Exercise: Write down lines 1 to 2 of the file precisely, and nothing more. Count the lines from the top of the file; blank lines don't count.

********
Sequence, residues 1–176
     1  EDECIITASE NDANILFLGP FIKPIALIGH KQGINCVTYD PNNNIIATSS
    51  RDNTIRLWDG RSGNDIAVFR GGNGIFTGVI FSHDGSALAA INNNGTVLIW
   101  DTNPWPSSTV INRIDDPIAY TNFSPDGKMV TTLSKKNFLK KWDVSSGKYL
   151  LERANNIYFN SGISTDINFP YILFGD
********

Sequence, residues 1–176
     1  EDECIITASE NDANILFLGP FIKPIALIGH KQGINCVTYD PNNNIIATSS